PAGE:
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The generality of the emotion effect on magnitude sensitivity

  • Gong, Min
  • Baron, Jonathan
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    Three studies asked whether reported emotional response interfere with magnitude sensitivity, defined as a subjective evaluation difference between a high magnitude outcome and a low one. Previous research has reported that emotion reduces magnitude sensitivity under separate evaluation in a gain domain (Hsee & Rottenstreich, 2004), a negative effect. We test the generality of this emotion effect in gain and loss domains, and under separate or joint evaluation mode, using a variety of stimuli. We found an opposite, positive, effect in Experiment 1 (in willingness to pay to save species or prevent health impairments) and Experiment 3 (in willingness to pay to prevent bad outcomes in news stories) but replicated the original negative effect in Experiment 2 (compensation for losses). Further research is needed to disentangle possible causes of these effects and to explore how these findings may be applied to measurement of values for non-market goods.

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    File URL: http://www.sciencedirect.com/science/article/B6V8H-51726N4-1/2/4632fa4adb1b035213ed1dc856c61272
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    Article provided by Elsevier in its journal Journal of Economic Psychology.

    Volume (Year): 32 (2011)
    Issue (Month): 1 (February)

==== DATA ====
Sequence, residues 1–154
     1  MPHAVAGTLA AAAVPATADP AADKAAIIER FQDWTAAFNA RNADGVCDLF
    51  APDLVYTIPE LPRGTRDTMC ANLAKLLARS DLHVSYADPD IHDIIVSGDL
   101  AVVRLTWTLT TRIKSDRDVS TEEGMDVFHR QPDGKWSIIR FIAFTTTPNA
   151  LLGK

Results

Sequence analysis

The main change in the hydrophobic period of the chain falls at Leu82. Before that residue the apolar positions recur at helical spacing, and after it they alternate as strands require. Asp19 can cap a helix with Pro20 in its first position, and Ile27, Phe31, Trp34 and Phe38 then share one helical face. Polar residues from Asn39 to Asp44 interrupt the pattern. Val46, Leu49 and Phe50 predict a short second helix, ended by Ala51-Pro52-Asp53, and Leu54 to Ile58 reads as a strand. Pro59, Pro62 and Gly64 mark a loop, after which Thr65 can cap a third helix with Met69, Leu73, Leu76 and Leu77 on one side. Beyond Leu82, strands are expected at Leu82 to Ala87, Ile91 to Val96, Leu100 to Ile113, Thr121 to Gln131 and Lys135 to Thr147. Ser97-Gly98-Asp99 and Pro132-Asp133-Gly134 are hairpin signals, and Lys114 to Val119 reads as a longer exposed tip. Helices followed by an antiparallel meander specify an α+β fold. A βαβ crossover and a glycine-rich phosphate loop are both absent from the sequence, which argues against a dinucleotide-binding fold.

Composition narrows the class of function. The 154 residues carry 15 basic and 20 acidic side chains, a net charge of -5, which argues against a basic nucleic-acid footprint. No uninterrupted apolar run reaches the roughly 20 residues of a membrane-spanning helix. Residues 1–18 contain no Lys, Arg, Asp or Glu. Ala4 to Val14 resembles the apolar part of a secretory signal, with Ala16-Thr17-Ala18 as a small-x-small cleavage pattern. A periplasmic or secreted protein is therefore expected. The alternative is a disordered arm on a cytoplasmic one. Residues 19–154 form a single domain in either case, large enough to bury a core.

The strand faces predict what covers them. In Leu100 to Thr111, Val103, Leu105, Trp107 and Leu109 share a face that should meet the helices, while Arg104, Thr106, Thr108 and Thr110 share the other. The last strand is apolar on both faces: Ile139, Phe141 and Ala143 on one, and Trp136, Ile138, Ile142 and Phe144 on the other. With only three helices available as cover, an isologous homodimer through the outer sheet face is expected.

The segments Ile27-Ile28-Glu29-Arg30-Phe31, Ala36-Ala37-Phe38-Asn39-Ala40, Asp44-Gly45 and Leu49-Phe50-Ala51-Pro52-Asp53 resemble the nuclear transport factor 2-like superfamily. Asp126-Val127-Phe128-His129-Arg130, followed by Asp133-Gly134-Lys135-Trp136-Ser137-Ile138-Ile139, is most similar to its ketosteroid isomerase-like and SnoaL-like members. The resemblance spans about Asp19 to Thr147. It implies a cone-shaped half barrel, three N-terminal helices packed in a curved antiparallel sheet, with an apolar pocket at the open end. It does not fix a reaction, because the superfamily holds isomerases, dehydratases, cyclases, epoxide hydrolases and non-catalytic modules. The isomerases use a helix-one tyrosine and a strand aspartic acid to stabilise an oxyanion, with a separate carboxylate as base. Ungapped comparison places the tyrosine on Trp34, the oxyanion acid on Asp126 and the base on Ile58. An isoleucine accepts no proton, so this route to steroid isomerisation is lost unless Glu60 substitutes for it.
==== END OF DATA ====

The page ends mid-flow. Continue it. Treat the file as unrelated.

Pages: 17-24

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    Handle: RePEc:eee:joepsy:v:32:y:2011:i:1:p:17-24
    Contact details of provider: Web page: http://www.elsevier.com/locate/joep

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    1. Knetsch, Jack L & Sinden, J A, 1984. "Willingness to Pay and Compensation Demanded: Experimental Evidence of an Unexpected Disparity in Measures of Value," The Quarterly Journal of Economics, MIT Press, vol. 99(3), pages 507-21, August.
    2. James K. Hammitt & Kevin Haninger, 2007. "Willingness to Pay for Food Safety: Sensitivity to Duration and Severity of Illness," American Journal of Agricultural Economics, Agricultural and Applied Economics Association, vol. 89(5), pages 1170-1175.
    3. Boyle Kevin J. & Desvousges William H. & Johnson F. Reed & Dunford Richard W. & Hudson Sara P., 1994. "An Investigation of Part-Whole Biases in Contingent-Valuation Studies," Journal of Environmental Economics and Management, Elsevier, vol. 27(1), pages 64-83, July.
    4. Amos Tversky & Daniel Kahneman, 1979. "Prospect Theory: An Analysis of Decision under Risk," Levine's Working Paper Archive 7656, David K. Levine.
    5. Kahneman, Daniel & Knetsch, Jack L., 1992. "Valuing public goods: The purchase of moral satisfaction," Journal of Environmental Economics and Management, Elsevier, vol. 22(1), pages 57-70, January.
    6. Kahneman, Daniel & Ritov, Ilana & Schkade, David A, 1999. "Economic Preferences or Attitude Expressions?: An Analysis of Dollar Responses to Public Issues," Journal of Risk and Uncertainty, Springer, vol. 19(1-3), pages 203-35, December.
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